Thursday, May 23, 2024

Windows Server 2022

The release of the Windows Server 2022 preview seemed to go unnoticed. It has been available since May 24, 2021 but all the chatter seems to be around Windows 11 instead. Well, what about Server 2022. Is it just Windows Server 2019 SP2 like with previous releases? Or does it offer anything significantly more interesting. Let’s break it down.

I downloaded it, got the license, installed it on a fresh PC. The coloring was slightly different on the setup screen but all the way through it behaved like Server 2019. You could be fooled in to thinking it was. I even checked out the Settings –> About page to confirm that I had in fact installed the new version! Here’s what it said.

OK, so we have Windows Server 2022. After running a few obligatory Windows Updates and two reboots later it was ready to go. Even the first look around it didn’t seem different, except for the speed. Noticeably faster for sure. That’s good. Hoping for more though.

Let’s take the wording from the Microsoft site and see what is says as a summary of the differences.

This article describes some of the new features in Windows Server 2022. Windows Server 2022 is built on the strong foundation of Windows Server 2019 and brings many innovations on three key themes: security, Azure hybrid integration and management, and application platform. Also, Windows Server 2022 Datacenter: Azure Edition helps you use the benefits of cloud to keep your VMs up to date while minimizing downtime.

Right, so it’s similarities to Windows Server 2019 are clearly noted here too. Except Internet Explorer has now been dropped, yay, and Microsoft Edge is there instead.

Let’s not go through those all here as it’s available to read on the Microsoft site. Copy/Paste of the entire article would be pointless. Have a read and see what you think.

System Requirements

Now these struck me as incredibly light. 1 x 1.4Ghz CPU, 512MB RAM, 32GB HDD. Seems like an advert for Windows 2003. But, that is true, that’s all it needs. I guess in a light VM you may want to run this. It does need some other specs around TPM for Bitlocker and other security based functions.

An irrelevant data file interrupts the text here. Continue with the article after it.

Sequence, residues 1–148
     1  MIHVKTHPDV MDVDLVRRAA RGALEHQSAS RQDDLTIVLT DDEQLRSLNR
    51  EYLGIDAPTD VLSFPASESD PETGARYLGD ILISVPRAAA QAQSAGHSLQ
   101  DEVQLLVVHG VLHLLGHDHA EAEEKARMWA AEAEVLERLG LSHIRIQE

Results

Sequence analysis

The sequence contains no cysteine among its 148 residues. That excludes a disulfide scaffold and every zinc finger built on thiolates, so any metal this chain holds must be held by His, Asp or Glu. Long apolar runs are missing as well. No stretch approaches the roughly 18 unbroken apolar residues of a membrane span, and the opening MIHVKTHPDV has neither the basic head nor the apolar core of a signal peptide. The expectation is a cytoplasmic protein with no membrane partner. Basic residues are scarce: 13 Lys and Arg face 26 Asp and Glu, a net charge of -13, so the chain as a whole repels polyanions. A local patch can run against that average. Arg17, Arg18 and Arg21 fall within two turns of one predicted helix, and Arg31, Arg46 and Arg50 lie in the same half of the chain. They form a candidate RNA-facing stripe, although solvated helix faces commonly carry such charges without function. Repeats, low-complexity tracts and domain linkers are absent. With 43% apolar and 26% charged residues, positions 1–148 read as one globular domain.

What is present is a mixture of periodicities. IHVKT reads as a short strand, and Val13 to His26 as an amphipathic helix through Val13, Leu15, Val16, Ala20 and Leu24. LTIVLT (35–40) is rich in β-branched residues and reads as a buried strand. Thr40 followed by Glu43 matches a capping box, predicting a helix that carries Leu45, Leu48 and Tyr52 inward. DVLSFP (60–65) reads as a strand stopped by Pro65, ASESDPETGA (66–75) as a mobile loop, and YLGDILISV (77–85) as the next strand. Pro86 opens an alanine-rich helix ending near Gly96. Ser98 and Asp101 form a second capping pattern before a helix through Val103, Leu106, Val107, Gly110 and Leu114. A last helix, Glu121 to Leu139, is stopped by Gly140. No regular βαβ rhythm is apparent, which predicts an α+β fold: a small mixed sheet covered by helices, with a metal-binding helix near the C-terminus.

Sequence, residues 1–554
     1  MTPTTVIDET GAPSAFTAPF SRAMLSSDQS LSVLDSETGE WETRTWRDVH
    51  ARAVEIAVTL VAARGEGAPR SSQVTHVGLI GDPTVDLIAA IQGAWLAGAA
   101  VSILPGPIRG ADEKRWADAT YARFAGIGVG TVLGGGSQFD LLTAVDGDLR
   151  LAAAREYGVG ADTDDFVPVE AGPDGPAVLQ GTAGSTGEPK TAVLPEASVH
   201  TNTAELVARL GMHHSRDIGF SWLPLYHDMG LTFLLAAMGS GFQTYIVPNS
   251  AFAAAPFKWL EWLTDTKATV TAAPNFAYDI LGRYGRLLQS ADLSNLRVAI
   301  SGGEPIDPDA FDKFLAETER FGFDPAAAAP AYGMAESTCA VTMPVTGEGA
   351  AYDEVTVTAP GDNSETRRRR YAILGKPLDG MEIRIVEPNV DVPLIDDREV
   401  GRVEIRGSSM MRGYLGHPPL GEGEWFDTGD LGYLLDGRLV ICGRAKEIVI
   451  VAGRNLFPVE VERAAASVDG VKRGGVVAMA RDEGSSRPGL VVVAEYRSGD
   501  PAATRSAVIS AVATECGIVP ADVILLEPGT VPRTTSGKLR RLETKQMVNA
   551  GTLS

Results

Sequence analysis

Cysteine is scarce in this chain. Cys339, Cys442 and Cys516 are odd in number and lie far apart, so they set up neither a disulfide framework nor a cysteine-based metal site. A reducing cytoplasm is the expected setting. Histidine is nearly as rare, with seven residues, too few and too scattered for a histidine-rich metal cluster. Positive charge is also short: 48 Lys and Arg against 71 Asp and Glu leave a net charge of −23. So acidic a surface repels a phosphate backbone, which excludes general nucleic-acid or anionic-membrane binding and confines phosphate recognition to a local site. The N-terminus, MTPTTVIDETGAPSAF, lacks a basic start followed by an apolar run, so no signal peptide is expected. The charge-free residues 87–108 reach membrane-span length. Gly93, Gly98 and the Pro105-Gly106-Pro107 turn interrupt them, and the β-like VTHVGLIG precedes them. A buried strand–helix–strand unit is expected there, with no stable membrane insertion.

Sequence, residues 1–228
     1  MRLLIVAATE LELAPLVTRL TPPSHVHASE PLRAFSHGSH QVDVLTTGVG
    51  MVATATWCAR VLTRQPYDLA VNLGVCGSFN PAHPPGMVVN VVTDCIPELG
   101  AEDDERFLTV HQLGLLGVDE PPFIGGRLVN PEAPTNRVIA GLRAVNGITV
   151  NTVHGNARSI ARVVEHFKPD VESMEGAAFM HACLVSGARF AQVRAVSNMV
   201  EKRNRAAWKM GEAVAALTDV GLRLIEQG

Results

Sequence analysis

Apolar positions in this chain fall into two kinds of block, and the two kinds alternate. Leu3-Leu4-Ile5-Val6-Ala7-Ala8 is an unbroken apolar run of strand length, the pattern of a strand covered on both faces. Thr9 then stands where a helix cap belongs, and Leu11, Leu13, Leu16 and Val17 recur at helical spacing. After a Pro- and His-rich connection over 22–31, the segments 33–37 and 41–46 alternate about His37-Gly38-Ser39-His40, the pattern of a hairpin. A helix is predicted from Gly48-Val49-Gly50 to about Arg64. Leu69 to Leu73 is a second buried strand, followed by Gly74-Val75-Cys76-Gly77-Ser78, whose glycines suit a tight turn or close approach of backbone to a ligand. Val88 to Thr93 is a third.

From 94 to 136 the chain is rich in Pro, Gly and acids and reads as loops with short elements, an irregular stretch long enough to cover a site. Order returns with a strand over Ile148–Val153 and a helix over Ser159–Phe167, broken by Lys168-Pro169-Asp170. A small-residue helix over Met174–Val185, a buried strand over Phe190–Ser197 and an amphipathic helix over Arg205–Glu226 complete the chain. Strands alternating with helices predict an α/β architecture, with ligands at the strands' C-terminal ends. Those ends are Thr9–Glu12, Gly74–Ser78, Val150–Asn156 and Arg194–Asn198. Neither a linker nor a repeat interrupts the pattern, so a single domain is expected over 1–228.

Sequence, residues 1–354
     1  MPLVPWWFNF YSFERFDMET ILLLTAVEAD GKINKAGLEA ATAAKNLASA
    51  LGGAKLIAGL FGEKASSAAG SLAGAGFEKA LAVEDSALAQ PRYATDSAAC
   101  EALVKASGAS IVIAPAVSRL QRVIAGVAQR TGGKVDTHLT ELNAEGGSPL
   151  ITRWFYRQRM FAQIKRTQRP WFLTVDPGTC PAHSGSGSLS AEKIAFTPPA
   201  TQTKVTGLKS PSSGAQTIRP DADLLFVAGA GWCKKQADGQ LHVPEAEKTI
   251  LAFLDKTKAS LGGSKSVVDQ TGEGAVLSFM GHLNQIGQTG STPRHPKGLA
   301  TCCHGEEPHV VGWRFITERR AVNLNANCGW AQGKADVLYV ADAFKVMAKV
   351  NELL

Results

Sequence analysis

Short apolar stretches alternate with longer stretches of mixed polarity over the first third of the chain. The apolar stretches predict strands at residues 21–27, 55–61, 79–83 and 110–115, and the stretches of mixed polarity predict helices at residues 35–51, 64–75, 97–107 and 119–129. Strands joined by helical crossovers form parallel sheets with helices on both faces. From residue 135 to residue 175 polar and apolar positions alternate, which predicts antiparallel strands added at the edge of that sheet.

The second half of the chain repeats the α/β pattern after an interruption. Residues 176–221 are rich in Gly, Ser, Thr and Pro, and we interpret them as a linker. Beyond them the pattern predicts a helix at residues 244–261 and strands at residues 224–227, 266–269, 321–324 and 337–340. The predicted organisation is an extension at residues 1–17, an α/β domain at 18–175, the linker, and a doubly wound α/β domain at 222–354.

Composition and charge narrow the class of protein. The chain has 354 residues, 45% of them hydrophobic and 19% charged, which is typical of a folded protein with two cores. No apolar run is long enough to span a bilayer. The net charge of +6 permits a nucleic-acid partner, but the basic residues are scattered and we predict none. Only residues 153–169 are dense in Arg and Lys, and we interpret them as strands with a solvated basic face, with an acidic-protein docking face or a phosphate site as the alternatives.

What I can say though is you may be tempted to compare it to Windows 11. Well I tried to install Windows 11 today on that same machine but it clearly said it wasn’t good enough. I then booted from the Server 2022 ISO and it went on beautifully. The machine is an older i7-3770 CPU with 16GB RAM, 120GB SSD. Not a slouch but not awesome in terms of ‘newness’ of HDD capacity. Kind of why I use it for these tests.

Either way though it went on and runs very nicely. Here is the link to all the specs required from Microsoft.


Can you upgrade from Server 2019 to 2022. Yep, it would appear so. An in-place upgrade is noted as working fine.

Here is the upgrade path matrix from Microsoft.

This comes from

Using that as a basis it would make sense that you can upgrade from Windows Server 2016 to Server 2022. I will do that and report back!


Well firstly, here is the link to the official Microsoft site explaining Windows Server 2022. Always good to have the entire information.

What I can give you is my opinion. Remembering that I do recall sitting there upgrading my Windows 3.11 to Windows 95 back in the day, so I have been around Windows Server OS since back in Lan Manager days. Windows Server 2022 does appear to be a more solid, controlled and secure version of Server 2019. With some nice functionality around Azure. With the support date pushed out way into the future, if you were going to be upgrade from Windows Server 2016 I would suggest you skip 2019 and go straight for 2022. Buy yourself a couple of years there. You won’t have to learn much new stuff and it behaves exactly like you would expect. In summary, it looks to be a good solid release.

Please comment if you have an opinion of Windows Server 2022 of your own.

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Mark Rochester
Mark Rochester
Mark currently works in the cloud space assisting large companies to migrate from either on premises to the cloud, or cloud to cloud. His experience with Enterprise migrations spans more than 25 years which basically makes him old. However, with all the oldness creeping up he still finds technology massively exciting. Please reach out for a chat anytime you would like. :-)

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